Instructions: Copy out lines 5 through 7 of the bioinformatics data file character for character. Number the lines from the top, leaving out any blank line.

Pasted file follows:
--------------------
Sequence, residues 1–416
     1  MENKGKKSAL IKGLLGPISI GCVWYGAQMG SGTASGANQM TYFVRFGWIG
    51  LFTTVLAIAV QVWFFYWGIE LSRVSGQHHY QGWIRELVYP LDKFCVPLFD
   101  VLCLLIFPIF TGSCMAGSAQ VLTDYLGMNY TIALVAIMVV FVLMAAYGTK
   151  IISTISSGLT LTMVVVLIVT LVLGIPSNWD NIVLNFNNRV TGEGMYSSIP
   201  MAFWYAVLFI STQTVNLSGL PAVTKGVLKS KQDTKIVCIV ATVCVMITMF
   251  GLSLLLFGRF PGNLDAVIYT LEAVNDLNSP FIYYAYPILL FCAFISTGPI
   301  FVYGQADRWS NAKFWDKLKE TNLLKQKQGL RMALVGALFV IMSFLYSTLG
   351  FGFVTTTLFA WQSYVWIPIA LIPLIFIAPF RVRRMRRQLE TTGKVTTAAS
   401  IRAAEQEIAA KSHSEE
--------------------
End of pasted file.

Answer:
   151  IISTISSGLT LTMVVVLIVT LVLGIPSNWD NIVLNFNNRV TGEGMYSSIP
   201  MAFWYAVLFI STQTVNLSGL PAVTKGVLKS KQDTKIVCIV ATVCVMITMF
   251  GLSLLLFGRF PGNLDAVIYT LEAVNDLNSP FIYYAYPILL FCAFISTGPI